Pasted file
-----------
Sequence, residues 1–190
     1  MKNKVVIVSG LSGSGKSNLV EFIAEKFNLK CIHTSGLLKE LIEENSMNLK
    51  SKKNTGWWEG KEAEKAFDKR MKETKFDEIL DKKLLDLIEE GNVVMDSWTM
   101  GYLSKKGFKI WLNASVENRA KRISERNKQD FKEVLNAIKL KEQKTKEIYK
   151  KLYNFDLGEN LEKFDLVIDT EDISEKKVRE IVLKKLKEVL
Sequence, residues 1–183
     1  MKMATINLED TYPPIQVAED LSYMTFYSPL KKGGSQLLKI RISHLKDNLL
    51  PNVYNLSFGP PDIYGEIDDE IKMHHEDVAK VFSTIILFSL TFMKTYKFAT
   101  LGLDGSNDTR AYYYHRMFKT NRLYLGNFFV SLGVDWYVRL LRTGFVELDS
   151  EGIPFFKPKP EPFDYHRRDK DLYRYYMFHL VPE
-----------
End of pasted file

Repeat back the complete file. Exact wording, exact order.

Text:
Sequence, residues 1–190
     1  MKNKVVIVSG LSGSGKSNLV EFIAEKFNLK CIHTSGLLKE LIEENSMNLK
    51  SKKNTGWWEG KEAEKAFDKR MKETKFDEIL DKKLLDLIEE GNVVMDSWTM
   101  GYLSKKGFKI WLNASVENRA KRISERNKQD FKEVLNAIKL KEQKTKEIYK
   151  KLYNFDLGEN LEKFDLVIDT EDISEKKVRE IVLKKLKEVL
Sequence, residues 1–183
     1  MKMATINLED TYPPIQVAED LSYMTFYSPL KKGGSQLLKI RISHLKDNLL
    51  PNVYNLSFGP PDIYGEIDDE IKMHHEDVAK VFSTIILFSL TFMKTYKFAT
   101  LGLDGSNDTR AYYYHRMFKT NRLYLGNFFV SLGVDWYVRL LRTGFVELDS
   151  EGIPFFKPKP EPFDYHRRDK DLYRYYMFHL VPE